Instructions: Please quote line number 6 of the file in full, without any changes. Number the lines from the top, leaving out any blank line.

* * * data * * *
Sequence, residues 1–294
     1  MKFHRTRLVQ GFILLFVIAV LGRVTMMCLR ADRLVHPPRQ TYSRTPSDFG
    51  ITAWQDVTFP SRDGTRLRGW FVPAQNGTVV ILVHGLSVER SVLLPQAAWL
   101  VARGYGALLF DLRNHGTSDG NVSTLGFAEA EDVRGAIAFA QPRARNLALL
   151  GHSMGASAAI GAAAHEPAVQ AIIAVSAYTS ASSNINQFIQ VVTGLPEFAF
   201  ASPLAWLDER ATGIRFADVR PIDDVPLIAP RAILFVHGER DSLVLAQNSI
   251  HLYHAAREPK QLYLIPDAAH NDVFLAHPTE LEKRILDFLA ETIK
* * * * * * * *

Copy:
   201  ASPLAWLDER ATGIRFADVR PIDDVPLIAP RAILFVHGER DSLVLAQNSI